Working as director of bereavement support for a group of cemeteries has changed the way I look at life. Each time I am with a family that is experiencing the loss of a loved one, it reminds me to examine how I am living my own life. Socrates wrote, “The unexamined life is not worth living.” He has a point. So I will access my inner philosopher and expound on the virtues of what I have learned about life from working in grief...
When the sun is shining and there is a warm breeze blowing, nature beckons us to come outside. This is not a time to sit at a desk or on the phone, instead go out and play. Soon enough winter will arrive with blowing snow and bitter winds. I realize that there are days when we must actually work inside, but still take a little time each day to take a walk, putter in the garden or sit on the back patio with a nice, cool drink. There will always be rainy days for us to catch up on our chores.
Don’t put off telling the people around you what they mean to you. Write a note to your spouse or children reminding them what a gift they are to you. Thank your employees or co-workers for being a part of your work day. Never assume that those who you love know it. Say it, say it again and say it one more time. We wake up believing that we are guaranteed today and we make plans for the future. If I have learned one thing from my work, it is this – that is an illusion. There is no guarantee of anything, except this moment so...
Slow down enough to bask in the beauty of a day or listen carefully to the sound of children laughing. Notice what is going on around you and truly take it all in. Be grateful for those small moments that enrich our lives and realize that they will not last…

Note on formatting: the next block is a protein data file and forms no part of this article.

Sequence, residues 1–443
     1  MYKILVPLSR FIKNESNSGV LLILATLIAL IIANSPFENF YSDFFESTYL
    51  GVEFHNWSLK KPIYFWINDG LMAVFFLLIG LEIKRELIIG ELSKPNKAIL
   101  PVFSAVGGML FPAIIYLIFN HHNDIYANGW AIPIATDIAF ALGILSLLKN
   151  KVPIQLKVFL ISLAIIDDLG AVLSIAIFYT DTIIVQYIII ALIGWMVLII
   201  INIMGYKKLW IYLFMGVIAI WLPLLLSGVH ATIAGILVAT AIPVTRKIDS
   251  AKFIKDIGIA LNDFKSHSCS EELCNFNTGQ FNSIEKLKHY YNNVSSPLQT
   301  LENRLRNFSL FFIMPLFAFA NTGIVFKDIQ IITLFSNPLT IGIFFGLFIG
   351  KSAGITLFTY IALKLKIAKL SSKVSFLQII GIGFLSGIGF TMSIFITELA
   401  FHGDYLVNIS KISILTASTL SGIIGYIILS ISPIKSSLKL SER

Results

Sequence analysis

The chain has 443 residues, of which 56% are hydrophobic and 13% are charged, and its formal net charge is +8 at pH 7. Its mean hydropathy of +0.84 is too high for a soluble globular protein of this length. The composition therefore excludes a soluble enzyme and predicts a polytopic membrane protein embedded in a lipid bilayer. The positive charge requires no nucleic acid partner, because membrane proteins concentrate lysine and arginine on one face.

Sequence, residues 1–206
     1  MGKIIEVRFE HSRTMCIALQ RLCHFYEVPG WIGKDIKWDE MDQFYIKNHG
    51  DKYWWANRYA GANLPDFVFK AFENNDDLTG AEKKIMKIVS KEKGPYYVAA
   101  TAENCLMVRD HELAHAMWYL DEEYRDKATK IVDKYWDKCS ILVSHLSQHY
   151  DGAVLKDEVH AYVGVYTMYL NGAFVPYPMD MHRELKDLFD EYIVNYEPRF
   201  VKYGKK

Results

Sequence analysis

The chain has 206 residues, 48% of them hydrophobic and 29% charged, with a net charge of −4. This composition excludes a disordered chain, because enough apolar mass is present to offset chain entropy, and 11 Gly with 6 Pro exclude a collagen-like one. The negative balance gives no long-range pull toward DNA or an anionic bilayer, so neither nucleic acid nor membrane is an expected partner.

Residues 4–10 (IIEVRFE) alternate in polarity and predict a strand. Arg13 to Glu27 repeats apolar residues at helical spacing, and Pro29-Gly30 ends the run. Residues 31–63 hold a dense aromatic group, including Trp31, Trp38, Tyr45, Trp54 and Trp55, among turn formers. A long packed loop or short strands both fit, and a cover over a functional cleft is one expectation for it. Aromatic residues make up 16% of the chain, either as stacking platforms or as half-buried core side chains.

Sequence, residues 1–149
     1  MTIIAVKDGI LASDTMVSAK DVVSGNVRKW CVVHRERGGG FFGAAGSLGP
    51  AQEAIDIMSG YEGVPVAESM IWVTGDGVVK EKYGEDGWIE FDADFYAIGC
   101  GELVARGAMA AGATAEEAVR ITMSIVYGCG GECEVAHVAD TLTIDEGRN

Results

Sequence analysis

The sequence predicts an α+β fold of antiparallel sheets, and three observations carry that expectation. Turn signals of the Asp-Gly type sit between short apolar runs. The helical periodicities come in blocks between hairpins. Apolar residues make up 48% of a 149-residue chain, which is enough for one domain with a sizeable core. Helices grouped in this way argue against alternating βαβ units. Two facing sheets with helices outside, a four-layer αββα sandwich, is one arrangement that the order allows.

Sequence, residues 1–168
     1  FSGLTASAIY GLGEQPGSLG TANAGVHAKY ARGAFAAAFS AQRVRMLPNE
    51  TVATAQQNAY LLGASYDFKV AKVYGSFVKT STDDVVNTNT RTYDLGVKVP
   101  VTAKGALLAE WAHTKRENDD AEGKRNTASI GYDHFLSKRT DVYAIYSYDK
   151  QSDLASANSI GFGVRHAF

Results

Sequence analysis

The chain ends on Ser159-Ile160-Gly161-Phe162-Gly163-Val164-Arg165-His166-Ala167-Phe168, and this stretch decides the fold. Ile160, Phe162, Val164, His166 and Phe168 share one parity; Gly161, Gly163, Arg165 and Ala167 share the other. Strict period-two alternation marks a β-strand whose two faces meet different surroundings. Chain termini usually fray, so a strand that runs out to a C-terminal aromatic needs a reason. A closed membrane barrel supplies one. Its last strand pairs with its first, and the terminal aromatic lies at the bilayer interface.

Just as good times do not last, neither will the challenging ones. When I am faced with a difficult situation this becomes my mantra, for just as a storm arrives, it most certainly will also leave. That is not to say that it will not change things profoundly. Hurricanes and tornadoes come in quickly and leave in their wake destruction that may take years to repair. Landscapes are changed forever and so are lives, yet the storm is long gone. However, just as people rebuild their lives from storms, so too can we rebuild our lives and learn from almost any situation.
Nature always strives for balance. When tough times strike, we may cry to help us cope. These tears are cathartic and help rid our bodies of toxins and stress. The tears help us to heal. However, we also need to laugh for the exact same reasons. Laughter relieves our stress and helps us stay healthy. Laughter helps us to feel connected to one another and it just feels good. Kurt Vonnegut, Jr. puts it another way, “Laughter and tears are both responses to frustration and exhaustion. I myself prefer to laugh, since there is less cleaning up to do afterward.”